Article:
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Chapter 3 Digital Transmission Fundamentals
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  1. Chapter 3 Digital Transmission Fundamentals 3.1 Digital Representation of Information 3.2 Why Digital Communications? 3.3 Digital Representation of Analog Signals 3.4 Characterization of Communication Channels 3.5 Fundamental Limits in Digital Transmission 3.6 Line Coding 3.7 Modems and Digital Modulation 3.8 Properties of Media and Digital Transmission Systems 3.9 Error Detection and Correction

  2. Digital Networks • Digital transmission enables networks to support many services E-mail TV Telephone

  3. Questions of Interest • How long will it take to transmit a message? • How many bits are in the message (text, image)? • How fast does the network/system transfer information? • Can a network/system handle a voice (video) call? • How many bits/second does voice/video require? At what quality? • How long will it take to transmit a message without errors? • How are errors introduced? • How are errors detected and corrected? • What transmission speed is possible over radio, copper cables, fiber, infrared, …?

  4. Chapter 3Digital Transmission Fundamentals 3.1 Digital Representation of Information

  5. Bits, numbers, information • Bit: number with value 0 or 1 • n bits: digital representation for 0, 1, … , 2n • Byte or Octet, n = 8 • Computer word, n = 16, 32, or 64 • n bits allows enumeration of 2n possibilities • n-bit field in a header • n-bit representation of a voice sample • Message consisting of n bits • The number of bits required to represent a message is a measure of its information content • More bits → More content

  6. Block Information that occurs in a single block Text message Data file JPEG image MPEG file Size = bits / block or bytes/block 1 Kbyte = 210 bytes 1 Mbyte = 220 bytes 1 Gbyte = 230 bytes Stream Information that is produced & transmitted continuously Real-time voice Streaming video Bit rate = bits / second 1 Kbps = 103 bps 1 Mbps = 106 bps 1 Gbps = 109 bps Block vs. Stream Information

  7. Transmission Delay • L number of bits in message • R bps speed of digital transmission system • L/R time to transmit the information • d distance in meters • c speed of light (3x108 m/s in vacuum) • tprop time for signal to propagate across medium What can be done to reduce the delay? • Use data compression to reduce L • Use higher-speed modem to increase R • Place server closer to reduce d Delay = tprop + L/R = d/c + L/R seconds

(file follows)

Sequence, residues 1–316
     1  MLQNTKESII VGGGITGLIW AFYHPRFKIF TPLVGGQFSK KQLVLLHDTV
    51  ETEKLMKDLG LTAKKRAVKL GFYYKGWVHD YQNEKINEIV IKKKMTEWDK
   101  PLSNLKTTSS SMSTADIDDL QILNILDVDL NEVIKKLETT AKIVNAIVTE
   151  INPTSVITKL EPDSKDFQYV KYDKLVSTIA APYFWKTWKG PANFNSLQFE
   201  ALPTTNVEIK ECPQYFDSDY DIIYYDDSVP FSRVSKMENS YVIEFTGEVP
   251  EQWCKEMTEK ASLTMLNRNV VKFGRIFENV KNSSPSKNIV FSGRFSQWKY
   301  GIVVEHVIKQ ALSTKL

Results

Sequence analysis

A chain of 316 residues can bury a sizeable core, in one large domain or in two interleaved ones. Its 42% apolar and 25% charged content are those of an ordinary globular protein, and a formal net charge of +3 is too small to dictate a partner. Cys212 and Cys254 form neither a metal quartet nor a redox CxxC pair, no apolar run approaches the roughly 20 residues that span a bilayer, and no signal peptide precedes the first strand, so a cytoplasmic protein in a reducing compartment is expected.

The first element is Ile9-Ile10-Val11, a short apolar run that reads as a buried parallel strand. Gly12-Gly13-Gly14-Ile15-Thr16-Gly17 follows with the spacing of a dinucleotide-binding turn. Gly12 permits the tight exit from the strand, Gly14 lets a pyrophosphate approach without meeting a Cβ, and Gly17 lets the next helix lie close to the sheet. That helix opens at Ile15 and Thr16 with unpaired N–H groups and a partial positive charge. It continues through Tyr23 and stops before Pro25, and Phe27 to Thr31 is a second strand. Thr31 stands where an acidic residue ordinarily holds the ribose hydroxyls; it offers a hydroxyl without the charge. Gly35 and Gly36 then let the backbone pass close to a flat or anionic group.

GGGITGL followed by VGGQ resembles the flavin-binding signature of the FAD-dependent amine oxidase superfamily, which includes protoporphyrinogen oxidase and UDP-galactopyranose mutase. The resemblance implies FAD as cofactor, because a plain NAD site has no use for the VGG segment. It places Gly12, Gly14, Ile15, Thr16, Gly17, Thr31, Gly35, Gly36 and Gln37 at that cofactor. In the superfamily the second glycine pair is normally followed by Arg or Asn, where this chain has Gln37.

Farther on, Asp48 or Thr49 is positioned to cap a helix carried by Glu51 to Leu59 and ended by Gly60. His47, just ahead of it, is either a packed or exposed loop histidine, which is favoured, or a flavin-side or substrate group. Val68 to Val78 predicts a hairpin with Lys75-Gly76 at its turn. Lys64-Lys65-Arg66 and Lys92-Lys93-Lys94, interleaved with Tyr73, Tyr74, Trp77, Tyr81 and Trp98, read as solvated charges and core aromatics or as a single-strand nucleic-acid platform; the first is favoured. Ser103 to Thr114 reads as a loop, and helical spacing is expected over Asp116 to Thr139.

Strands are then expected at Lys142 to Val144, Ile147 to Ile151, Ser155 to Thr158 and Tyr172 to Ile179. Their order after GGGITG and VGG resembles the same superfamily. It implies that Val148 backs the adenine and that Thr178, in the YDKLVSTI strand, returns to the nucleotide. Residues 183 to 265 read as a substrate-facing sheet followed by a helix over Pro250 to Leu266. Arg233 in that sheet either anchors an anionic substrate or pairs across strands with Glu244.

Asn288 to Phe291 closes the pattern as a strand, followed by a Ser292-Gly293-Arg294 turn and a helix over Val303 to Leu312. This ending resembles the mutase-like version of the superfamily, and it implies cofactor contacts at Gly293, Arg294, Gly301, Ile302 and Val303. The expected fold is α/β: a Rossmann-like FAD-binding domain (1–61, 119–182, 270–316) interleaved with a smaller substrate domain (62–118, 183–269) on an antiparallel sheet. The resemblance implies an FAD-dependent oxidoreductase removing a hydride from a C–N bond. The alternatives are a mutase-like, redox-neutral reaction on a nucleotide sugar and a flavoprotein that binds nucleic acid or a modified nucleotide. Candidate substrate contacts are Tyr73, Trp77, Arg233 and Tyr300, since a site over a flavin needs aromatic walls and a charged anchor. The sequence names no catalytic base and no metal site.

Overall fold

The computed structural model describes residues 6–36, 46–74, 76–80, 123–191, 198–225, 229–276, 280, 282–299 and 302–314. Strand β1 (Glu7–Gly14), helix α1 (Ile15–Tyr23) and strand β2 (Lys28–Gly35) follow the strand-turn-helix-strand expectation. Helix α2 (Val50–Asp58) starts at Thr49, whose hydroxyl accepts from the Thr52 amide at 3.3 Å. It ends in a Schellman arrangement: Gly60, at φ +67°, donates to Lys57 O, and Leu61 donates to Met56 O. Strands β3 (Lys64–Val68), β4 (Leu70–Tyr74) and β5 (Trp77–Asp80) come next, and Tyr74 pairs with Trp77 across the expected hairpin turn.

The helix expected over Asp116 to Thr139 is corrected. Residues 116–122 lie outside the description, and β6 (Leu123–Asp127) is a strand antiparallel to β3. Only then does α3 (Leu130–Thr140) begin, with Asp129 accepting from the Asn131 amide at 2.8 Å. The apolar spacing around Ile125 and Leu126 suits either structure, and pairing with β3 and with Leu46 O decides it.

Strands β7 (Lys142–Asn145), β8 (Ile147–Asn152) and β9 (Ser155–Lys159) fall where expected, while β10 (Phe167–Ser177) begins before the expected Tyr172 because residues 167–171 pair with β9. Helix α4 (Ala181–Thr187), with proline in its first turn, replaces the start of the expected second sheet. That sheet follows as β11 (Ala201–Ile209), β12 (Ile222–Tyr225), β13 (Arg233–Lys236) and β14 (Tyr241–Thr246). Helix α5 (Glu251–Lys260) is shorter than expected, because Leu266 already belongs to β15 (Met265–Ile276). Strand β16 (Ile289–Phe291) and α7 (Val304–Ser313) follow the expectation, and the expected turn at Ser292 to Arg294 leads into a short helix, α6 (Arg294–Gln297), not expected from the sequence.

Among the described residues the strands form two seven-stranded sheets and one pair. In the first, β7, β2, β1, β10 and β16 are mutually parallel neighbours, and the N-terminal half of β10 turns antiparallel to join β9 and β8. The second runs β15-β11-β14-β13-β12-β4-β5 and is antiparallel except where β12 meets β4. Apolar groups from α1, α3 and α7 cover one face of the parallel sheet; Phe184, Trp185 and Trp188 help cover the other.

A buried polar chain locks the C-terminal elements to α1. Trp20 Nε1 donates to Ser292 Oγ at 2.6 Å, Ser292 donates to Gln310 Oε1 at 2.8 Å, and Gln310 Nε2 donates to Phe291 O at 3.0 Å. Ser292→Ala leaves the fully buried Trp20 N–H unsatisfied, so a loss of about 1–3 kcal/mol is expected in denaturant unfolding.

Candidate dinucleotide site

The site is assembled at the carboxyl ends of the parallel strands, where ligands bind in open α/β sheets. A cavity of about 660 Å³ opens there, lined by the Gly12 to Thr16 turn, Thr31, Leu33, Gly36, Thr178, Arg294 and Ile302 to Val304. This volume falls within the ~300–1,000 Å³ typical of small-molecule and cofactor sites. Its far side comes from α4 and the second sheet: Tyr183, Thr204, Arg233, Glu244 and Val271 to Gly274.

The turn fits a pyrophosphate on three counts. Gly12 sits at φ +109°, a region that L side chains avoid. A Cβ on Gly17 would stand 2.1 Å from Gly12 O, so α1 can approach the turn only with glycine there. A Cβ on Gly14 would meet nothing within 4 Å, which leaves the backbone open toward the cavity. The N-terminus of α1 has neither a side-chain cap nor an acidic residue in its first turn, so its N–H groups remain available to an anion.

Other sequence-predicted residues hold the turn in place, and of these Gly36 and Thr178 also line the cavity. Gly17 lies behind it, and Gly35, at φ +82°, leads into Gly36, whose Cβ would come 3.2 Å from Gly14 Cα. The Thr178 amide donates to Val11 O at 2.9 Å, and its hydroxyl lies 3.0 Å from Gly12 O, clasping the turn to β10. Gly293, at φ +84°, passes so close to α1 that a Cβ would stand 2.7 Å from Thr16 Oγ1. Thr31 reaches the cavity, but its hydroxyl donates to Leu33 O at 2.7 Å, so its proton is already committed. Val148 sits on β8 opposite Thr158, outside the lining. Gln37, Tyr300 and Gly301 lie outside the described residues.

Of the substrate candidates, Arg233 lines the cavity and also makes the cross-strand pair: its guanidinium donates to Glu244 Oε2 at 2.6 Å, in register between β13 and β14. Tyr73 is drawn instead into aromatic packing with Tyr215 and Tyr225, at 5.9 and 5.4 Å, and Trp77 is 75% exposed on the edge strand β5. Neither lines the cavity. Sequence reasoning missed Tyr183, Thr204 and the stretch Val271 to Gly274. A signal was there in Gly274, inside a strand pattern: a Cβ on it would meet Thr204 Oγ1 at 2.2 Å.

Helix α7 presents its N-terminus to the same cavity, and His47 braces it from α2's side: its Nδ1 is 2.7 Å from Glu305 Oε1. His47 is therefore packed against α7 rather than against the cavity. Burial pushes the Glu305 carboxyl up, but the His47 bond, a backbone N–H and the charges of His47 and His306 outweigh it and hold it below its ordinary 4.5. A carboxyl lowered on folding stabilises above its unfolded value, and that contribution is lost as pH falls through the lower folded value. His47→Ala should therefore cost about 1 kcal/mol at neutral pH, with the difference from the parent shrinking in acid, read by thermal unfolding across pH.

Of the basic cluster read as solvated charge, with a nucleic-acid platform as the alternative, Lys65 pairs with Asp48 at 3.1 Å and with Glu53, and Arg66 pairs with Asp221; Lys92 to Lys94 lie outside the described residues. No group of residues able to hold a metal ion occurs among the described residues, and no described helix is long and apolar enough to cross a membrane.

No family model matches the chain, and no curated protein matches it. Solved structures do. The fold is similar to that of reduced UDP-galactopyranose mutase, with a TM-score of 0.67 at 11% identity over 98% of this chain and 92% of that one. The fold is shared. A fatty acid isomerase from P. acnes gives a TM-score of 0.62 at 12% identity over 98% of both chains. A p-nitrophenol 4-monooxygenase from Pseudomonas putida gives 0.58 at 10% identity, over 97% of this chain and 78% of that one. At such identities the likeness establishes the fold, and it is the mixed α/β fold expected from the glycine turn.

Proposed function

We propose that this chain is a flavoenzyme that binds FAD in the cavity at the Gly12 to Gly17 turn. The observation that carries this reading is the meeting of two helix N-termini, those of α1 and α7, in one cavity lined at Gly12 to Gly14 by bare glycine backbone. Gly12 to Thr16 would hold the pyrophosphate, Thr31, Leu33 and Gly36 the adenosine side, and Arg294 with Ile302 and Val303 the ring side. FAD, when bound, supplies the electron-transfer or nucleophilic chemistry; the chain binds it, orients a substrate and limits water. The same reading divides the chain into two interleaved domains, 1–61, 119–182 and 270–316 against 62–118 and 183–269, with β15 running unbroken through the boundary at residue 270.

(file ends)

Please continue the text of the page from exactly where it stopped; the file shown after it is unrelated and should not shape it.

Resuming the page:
8. Compression • Information usually not represented efficiently • Data compression algorithms • Represent the information using fewer bits • Noiseless: original information recovered exactly • e.g., zip, compress, GIF, fax • Noisy: recover information approximately • JPEG • Tradeoff: # bits vs. quality • Compression Ratio #bits (original file) / #bits (compressed file)

  9. W W W W H H H H Color Image Red component image Green component image Blue component image Color image = + + Total bits = 3  H  W pixels  B bits/pixel = 3HWB bits Example: 810 inch picture at 400  400 pixels per inch2 400  400  8  10 = 12.8 million pixels 8 bits/pixel/color 12.8 megapixels  3 bytes/pixel = 38.4 megabytes

  10. Examples of Block Information

  11. Th e s p ee ch s i g n al l e v el v a r ie s w i th t i m(e) Stream Information • A real-time voice signal must be digitized & transmitted as it is produced • Analog signal level varies continuously in time

  12. 7D/2 5D/2 3D/2 D/2 -D/2 -3D/2 -5D/2 -7D/2 Digitization of Analog Signal • Sample analog signal in time and amplitude • Find closest approximation Original signal Sample value Approximation 3 bits / sample Rs = Bit rate = # bits/sample x # samples/second

  13. Bit Rate of Digitized Signal • Bandwidth WsHertz: how fast the signal changes • Higher bandwidth → more frequent samples • Minimum sampling rate = 2 x Ws • Representation accuracy: range of approximation error • Higher accuracy → smaller spacing between approximation values → more bits per sample

  14. Telephone voice Ws = 4 kHz → 8000 samples/sec 8 bits/sample Rs=8 x 8000 = 64 kbps Cellular phones use more powerful compression algorithms: 8-12 kbps CD Audio Ws = 22 kHz → 44000 samples/sec 16 bits/sample Rs=16 x 44000= 704 kbps per audio channel MP3 uses more powerful compression algorithms: 50 kbps per audio channel Example: Voice & Audio

  15. 30 fps Video Signal • Sequence of picture frames • Each picture digitized & compressed • Frame repetition rate • 10-30-60 frames/second depending on quality • Frame resolution • Small frames for videoconferencing • Standard frames for conventional broadcast TV • HDTV frames Rate = M bits/pixel x (W x H) pixels/frame x Fframes/second

  16. 176 QCIF videoconferencing (144 lines and 176 pixels per line ) 144 at 30 frames/sec = 760,000 pixels/sec 720 Broadcast TV at 30 frames/sec = 10.4 x 106 pixels/sec 480 1920 HDTV at 30 frames/sec = 67 x 106 pixels/sec 1080 Video Frames

  17. Digital Video Signals

  18. Transmission of Stream Information • Constant bit-rate • Signals such as digitized telephone voice produce a steady stream: e.g., 64 kbps • Network must support steady transfer of signal, e.g., 64 kbps circuit • Variable bit-rate • Signals such as digitized video produce a stream that varies in bit rate, e.g., according to motion and detail in a scene • Network must support variable transfer rate of signal, e.g., packet switching or rate-smoothing with constant bit-rate circuit